SUWANEE -- Carmon McCurrie was sitting alone in his Suwanee living room, playing "Call of Duty: Modern Warfare 3" online and listening to fellow gamers around the world talk trash to each other by way of his wireless headset. When sharp pain gripped the side of his head, McCurrie worried the high-end headphones had pierced his eardrum. But why would his knee hurt, too?
Then McCurrie was on the floor, looking at his blood. He saw glass that had spat across the room. Then he was in the arms of his frantic wife.
McCurrie, 43, was used to the pain and debilitation he felt at 10:50 p.m. on Dec. 15. The U.S. Army sergeant had been deployed for tours in Afghanistan and Iraq. He was medically released from the Army in 2005, due to injuries he suffered from a mortar-round attack on the latter tour. His spleen had been removed, his right arm repaired, and a titanium plate took the place of certain vertebrae in his spine. In six years he'd recovered to the point he could periodically work.
But now, the living-room floor.
Suwanee police investigators have charged McCurrie's longtime friend and Army cohort, Tim Amstutz, 47, with shooting him that night from the porch of McCurrie's Grand Park Drive home. McCurrie believes the shooter peeked through faux wood blinds near the front door, spotted him and fired. He said the shooting befuddles him.
"We were friends, from my understanding. We'd consider each other almost like brothers," McCurrie said Thursday, recovering at home. "I've never known him to attack a friend."
After the shooting, Amstutz fled Georgia. Authorities in Surry County, N.C., spotted his tan Ford Expedition and arrested him Friday. He was headed to his father's home in Virginia, said Suwanee police spokesman Capt. Clyde Byers.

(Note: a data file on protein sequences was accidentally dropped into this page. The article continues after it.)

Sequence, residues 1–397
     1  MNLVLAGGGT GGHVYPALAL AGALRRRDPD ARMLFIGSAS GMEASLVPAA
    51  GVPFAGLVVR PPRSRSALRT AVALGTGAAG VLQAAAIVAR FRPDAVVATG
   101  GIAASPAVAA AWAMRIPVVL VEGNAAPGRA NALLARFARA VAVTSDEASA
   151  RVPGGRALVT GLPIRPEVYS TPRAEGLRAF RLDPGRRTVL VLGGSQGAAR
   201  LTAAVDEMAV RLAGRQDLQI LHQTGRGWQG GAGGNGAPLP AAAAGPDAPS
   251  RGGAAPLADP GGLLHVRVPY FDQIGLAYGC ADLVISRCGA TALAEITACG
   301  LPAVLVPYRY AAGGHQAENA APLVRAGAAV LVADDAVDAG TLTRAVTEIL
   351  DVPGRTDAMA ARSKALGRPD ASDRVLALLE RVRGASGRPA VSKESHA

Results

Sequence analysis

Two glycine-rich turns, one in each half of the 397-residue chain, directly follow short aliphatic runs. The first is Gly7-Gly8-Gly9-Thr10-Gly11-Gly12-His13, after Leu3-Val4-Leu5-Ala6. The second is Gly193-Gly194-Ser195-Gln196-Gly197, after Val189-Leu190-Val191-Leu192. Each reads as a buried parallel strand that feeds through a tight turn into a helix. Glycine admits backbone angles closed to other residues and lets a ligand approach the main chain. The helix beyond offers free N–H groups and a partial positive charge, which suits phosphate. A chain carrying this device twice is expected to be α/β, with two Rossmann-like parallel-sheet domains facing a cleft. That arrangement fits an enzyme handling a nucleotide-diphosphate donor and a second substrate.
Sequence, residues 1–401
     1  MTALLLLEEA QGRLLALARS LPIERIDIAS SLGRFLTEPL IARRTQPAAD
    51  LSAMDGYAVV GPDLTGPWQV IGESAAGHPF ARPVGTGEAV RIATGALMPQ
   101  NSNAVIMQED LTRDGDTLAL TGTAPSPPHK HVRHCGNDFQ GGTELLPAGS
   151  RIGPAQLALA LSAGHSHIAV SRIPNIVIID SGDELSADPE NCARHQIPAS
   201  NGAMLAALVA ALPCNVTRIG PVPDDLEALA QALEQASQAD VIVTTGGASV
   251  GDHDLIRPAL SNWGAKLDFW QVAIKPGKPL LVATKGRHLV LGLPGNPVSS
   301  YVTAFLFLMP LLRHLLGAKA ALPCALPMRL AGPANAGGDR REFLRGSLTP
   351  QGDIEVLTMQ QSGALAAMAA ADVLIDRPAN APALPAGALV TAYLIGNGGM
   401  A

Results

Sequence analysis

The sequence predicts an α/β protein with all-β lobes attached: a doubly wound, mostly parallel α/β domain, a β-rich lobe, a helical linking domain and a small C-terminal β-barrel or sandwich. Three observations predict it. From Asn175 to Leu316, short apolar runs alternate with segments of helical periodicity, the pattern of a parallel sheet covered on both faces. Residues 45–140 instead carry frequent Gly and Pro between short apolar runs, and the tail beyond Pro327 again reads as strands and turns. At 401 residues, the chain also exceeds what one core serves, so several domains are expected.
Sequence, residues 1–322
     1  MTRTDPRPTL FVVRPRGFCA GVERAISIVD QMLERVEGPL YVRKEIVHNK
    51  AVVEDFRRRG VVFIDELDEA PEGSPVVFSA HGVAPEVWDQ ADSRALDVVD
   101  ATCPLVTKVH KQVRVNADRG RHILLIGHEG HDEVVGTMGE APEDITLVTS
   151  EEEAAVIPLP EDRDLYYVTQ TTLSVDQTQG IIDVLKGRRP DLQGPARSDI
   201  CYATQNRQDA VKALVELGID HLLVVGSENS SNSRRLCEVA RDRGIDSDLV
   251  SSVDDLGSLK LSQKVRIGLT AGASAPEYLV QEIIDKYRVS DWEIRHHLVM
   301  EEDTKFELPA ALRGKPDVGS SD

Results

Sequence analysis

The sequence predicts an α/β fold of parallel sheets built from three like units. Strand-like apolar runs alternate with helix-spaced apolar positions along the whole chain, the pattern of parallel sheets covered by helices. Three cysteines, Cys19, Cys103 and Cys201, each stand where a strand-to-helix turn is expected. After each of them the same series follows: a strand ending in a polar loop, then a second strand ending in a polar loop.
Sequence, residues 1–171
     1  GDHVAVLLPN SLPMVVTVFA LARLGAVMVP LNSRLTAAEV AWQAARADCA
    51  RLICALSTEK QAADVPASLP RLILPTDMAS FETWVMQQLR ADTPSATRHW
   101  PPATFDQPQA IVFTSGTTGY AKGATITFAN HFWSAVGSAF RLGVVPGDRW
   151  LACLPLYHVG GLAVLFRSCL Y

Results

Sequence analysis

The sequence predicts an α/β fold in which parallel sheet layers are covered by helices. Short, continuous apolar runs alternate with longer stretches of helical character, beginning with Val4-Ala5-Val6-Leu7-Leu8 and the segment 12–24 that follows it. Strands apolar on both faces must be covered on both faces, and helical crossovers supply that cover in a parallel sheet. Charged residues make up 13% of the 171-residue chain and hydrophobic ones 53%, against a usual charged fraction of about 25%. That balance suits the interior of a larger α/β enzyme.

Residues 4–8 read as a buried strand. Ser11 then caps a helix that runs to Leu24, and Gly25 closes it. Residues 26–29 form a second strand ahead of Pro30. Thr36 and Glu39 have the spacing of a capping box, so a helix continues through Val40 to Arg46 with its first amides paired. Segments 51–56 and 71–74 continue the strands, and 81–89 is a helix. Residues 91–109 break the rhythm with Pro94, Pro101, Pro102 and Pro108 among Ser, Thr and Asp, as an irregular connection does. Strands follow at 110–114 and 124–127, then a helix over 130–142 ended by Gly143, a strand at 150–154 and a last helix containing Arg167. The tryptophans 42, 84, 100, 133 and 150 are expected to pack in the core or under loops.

North Carolina authorities found a shotgun, 9 mm and .22-caliber pistol in the Expedition, along with a spent shotgun casing on the floor, the Mount Airy News reported.
Amstutz is being extradited to Gwinnett, Byers said. A Gwinnett County Sheriff's Department official would not comment on the progress of Amstutz's extradition Thursday, citing safety concerns.
Byers said investigators think Amstutz's motive boils down to a personal dispute. A Suwanee police report from the shooting scene notes that McCurrie's wife, Amy, told officers her husband had argued with the suspect's wife about three weeks prior.
At one point, Amy McCurrie told police, Amstutz's wife, Carletta, warned: "You better watch who you're talking to. I'm crazier than you are." The matter was defused when Tim Amstutz picked up his wife and took her home. A number listed as the Amstutz residence was busy during calls Thursday afternoon.
McCurrie said he recalled the argument but didn't think it was a big deal. He'd helped move Amstutz from Smyrna, Tenn. to a home five miles away from his in Lawrenceville about six weeks prior to the shooting. His friendship with Amstutz dated back more than a decade, when they both were stationed at Ft. Campbell in Kentucky. Amstutz held the rank of specialist and was never deployed, McCurrie said.
"We used to call and talk to each other two and three times a week," McCurrie said. "He'd come down for my birthday. We rode motorcycles and stuff."
McCurrie's infant daughter and two teenage sons were in their bedrooms when he was shot. His injuries have prevented him from handling his daughter and have relegated him to a walker, he said.
Doctors told McCurrie his headphones absorbed some bullet fragments and could have saved his life, so he doesn't mind the $200 he'd spent on them. He's undergone reconstructive surgery on his nose and right ear; shrapnel was irrigated from his right knee; the spiderweb fracture on his skull is healing.
Play it day by day, he said.
"I'm just waiting," he said. "I've got some more appointments coming up next week. What happens is what happens."